Invest in the Details
As an industry, we recognize the value of a proper installation. As manufacturers and dealers, we are reminded of this when we are called to address a field problem–and we’ve all had our share. Callbacks take time and valuable resources. Sometimes, an improper installation can even reflect badly on a brand.
Manufacturers go to great lengths to define and promote proper installation procedures to avoid callbacks. Installation is most certainly a specialty, now more than ever. However, is this recognized throughout the field?
Too often, installing a window or door properly is taken for granted in the hurried new construction process. Even I, years ago as a new homebuilder, didn’t give the installation a second thought, especially on my first homes. This wasn’t due to neglect or not caring, but frankly due to my ignorance.
|Properly tying the flashing system in with the window mounting flange is critical to a good installation.|
Before long, callbacks from new homeowners with drafty or poorly operating fenestration changed my point of view. I gradually learned that a window “in place” is not necessarily a window installed. Alignment issues plagued me and became a burden for myself and the new homeowner. The problems were costly for my company.
It took the “squeaky wheel”–or in this case the “leaky window”–to learn some valuable quality control lessons as a supervisor. Simply put, fenestration installation demands attention to detail. This was a revelation for me, but it was only the start.
Years later, I phased into fenestration replacement. My revelation broadened as I replaced many failed windows and doors. Numerous times, I witnessed the long-term effects of neglectful installation, beyond just alignment issues. Water intrusion and the damage it caused were very eye opening for me. The results were rotted structures, mold and a haven for termites. These all could have been prevented from the start.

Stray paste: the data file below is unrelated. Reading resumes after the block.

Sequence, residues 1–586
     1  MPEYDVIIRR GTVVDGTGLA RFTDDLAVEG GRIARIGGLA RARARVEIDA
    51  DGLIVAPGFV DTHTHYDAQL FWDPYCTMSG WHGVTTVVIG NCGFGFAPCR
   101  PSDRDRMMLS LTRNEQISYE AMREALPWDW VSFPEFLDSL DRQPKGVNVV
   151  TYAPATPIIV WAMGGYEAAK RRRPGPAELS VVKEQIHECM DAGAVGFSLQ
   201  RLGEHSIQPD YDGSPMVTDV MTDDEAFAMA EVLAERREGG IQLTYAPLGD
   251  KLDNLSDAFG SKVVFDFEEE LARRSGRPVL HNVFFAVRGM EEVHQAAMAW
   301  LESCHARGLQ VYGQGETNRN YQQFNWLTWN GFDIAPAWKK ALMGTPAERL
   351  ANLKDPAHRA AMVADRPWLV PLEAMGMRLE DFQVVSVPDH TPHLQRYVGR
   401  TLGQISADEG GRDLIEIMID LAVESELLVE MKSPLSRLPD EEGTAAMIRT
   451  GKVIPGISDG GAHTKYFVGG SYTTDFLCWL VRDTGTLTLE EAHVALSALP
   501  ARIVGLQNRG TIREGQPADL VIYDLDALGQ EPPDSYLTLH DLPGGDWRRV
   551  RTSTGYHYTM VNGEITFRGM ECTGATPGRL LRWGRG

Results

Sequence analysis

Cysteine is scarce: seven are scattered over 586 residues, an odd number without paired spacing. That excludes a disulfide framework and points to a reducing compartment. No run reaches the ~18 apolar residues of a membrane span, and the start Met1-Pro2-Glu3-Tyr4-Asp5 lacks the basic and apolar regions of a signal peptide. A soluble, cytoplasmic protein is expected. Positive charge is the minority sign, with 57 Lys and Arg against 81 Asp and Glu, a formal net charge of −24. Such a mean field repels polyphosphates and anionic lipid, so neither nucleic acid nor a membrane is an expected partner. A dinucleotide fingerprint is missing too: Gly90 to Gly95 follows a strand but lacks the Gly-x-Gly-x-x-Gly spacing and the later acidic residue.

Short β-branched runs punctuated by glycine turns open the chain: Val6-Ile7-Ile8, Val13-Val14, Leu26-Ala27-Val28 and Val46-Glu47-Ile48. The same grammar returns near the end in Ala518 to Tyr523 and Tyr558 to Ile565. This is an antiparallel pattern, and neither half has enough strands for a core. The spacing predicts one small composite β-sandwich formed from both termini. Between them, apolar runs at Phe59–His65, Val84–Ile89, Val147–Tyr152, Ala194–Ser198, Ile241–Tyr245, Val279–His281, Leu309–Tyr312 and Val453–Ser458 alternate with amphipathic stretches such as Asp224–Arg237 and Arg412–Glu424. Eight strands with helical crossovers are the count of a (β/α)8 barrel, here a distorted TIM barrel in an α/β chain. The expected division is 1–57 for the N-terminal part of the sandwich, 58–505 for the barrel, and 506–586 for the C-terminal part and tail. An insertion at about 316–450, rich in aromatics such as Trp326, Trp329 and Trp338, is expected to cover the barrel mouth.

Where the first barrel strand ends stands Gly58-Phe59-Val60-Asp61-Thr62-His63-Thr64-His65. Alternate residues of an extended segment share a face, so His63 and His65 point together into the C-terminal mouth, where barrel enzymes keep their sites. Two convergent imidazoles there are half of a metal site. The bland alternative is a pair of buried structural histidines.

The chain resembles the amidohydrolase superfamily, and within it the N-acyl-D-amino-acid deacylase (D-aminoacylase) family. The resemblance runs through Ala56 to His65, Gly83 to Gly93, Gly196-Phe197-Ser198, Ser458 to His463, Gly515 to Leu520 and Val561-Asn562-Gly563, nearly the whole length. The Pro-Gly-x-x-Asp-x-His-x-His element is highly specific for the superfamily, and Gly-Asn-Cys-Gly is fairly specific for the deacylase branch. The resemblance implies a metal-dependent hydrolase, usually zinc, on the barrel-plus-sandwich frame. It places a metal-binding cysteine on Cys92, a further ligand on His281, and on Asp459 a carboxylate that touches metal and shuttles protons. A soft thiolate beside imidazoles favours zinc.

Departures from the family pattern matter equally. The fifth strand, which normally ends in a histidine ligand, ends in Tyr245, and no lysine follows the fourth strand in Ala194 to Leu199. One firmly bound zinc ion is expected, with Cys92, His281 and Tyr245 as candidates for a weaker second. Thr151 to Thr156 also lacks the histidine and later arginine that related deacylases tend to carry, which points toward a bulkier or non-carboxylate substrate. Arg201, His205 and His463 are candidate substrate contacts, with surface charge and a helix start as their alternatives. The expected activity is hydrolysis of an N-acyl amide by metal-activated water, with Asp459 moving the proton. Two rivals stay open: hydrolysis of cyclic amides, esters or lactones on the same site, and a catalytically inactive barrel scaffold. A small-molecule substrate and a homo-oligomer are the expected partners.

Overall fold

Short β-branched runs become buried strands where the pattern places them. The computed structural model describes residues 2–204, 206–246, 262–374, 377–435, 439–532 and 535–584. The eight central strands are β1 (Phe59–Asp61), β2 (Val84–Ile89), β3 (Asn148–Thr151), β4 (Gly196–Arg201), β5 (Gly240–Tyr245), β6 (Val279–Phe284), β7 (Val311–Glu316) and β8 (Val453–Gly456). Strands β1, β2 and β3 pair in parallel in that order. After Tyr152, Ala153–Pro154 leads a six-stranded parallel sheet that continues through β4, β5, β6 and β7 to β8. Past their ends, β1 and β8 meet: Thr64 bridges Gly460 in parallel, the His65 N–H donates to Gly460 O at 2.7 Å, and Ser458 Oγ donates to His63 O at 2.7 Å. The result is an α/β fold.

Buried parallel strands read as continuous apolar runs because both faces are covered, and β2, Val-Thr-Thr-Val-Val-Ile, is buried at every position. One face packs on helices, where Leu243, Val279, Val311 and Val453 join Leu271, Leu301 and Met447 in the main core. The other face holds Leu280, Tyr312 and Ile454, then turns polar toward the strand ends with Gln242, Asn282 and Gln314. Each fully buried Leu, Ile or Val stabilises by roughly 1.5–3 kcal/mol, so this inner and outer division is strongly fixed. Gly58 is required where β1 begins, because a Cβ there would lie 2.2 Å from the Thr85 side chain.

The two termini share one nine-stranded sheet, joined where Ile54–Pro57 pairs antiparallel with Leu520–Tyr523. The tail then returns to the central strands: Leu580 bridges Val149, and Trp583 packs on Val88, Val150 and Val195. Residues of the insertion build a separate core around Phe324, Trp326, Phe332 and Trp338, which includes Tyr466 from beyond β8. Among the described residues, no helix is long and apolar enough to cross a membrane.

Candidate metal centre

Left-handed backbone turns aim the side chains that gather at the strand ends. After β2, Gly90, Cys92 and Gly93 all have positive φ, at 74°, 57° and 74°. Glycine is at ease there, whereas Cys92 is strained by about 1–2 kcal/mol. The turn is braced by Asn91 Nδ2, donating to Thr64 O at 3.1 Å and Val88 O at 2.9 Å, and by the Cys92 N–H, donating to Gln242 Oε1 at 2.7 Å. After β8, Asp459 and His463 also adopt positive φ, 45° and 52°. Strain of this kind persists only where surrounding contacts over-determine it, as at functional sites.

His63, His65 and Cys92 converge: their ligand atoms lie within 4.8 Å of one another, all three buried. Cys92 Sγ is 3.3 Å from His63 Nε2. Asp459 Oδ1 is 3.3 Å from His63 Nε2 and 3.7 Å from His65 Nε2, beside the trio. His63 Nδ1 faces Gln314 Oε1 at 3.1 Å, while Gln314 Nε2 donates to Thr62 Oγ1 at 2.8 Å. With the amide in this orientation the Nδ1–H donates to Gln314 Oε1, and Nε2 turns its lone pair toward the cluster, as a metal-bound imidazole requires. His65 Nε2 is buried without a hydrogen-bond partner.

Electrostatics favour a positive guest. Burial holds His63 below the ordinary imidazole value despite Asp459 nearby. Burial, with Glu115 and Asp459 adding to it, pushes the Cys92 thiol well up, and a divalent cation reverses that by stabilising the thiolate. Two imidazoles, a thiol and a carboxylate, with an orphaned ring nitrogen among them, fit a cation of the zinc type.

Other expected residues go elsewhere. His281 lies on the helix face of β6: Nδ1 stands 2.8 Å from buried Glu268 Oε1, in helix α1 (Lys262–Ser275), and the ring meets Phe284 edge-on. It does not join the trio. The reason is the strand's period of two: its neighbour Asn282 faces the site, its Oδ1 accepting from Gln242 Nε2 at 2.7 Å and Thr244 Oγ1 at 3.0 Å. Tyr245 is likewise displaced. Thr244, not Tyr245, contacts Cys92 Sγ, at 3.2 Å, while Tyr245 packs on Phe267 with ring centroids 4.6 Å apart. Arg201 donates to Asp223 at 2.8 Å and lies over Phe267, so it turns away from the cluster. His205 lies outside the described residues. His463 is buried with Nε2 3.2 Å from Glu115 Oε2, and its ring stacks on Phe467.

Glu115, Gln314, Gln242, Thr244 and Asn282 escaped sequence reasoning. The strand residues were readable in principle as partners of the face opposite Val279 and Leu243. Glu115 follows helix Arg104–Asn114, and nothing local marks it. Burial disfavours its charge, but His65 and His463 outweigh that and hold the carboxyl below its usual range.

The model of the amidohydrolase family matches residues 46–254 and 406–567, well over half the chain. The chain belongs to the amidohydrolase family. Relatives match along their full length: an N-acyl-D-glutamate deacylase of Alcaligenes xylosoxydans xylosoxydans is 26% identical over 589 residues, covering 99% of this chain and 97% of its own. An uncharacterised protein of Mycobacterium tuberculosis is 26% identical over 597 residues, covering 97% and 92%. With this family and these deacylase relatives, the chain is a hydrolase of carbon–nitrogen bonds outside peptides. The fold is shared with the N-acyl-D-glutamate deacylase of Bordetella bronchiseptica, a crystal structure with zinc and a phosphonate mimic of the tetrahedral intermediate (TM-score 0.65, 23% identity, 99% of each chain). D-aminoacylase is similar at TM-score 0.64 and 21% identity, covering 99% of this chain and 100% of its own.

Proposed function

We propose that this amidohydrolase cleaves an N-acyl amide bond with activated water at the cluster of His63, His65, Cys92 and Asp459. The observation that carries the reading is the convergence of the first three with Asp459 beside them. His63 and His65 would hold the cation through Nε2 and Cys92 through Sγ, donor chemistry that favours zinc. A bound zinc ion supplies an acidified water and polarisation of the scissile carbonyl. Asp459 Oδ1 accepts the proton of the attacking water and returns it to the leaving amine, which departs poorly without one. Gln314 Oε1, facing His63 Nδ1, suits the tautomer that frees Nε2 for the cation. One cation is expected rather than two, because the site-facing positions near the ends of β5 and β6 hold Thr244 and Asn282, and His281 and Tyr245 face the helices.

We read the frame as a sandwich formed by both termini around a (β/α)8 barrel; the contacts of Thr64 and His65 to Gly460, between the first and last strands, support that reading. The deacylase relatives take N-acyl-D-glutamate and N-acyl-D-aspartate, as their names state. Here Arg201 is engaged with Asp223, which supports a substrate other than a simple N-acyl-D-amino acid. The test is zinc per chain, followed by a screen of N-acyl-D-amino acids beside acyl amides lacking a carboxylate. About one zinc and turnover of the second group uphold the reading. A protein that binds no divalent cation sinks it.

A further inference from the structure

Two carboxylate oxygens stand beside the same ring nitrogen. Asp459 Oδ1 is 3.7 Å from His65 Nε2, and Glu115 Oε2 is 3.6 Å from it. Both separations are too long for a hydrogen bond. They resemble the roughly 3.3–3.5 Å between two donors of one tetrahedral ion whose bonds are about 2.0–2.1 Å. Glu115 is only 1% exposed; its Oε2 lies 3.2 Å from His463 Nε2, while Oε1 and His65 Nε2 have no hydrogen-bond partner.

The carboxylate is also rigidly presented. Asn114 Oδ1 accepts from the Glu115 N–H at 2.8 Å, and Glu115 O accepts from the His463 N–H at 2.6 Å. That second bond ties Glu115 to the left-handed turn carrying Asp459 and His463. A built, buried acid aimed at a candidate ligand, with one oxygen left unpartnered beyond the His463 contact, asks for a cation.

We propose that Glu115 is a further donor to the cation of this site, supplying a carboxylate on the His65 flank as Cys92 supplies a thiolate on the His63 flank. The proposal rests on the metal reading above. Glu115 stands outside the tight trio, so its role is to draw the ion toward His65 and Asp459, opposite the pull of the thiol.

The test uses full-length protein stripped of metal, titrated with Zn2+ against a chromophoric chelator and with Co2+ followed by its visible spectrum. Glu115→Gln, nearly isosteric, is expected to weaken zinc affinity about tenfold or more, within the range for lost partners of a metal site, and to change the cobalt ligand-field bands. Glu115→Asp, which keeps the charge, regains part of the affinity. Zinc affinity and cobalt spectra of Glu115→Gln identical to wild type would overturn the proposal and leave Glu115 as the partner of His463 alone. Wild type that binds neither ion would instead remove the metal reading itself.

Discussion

My experiences reinforced the facts: 1) attention to installation details matters, and 2) the details require a lot of attention. Yet, even an experienced contractor can overlook these facts. First, any window or door can be set in a rough opening very quickly and look just fine, so why not carry on? Secondly, millions of traditional fenestration units have been installed over the years with traditional methods. If the system’s not broken, why fix it? Right?
Just like other industries, technology is changing in all things fenestration, and simple traditional techniques no longer suffice. For example, the technique of simply driving (or shooting) nails through the exterior casing to secure a window in place is fading. This is due to:
- the use of optional installation brackets,
- frame design changes like exterior cladding on wood frames (making exterior casing optional), and
- the increased use of non-wood, mounting flange products.
While mounting flange products have been around for decades, what’s changing is how they tie in to the flashing system. So, the fastening process is involved in the flashing process. The proper combination is complex. It involves many steps and materials, and the sequence is critical. For instance: What overlaps what? Where do you caulk? (It’s not always obvious.) What type of caulk is used? Are the sealing materials compatible? Clearly, installation today requires awareness of new technologies.
I learned different lessons from my homebuilding and fenestration replacement experiences. The combination revealed that properly installing a window or door cannot be taken lightly: Fenestration installation demands attention to detail, and the details have changed. The changes require specialized training and materials to ensure proper installation. And we all know, without proper installation, the costly callbacks will keep coming in.
Use my lessons learned. Short of very extensive renovation, there is only one opportunity to properly install the fenestration, and that’s in the beginning. It’s important. It matters to your bottom line. For so many reasons, it’s worth it to you to invest in the details.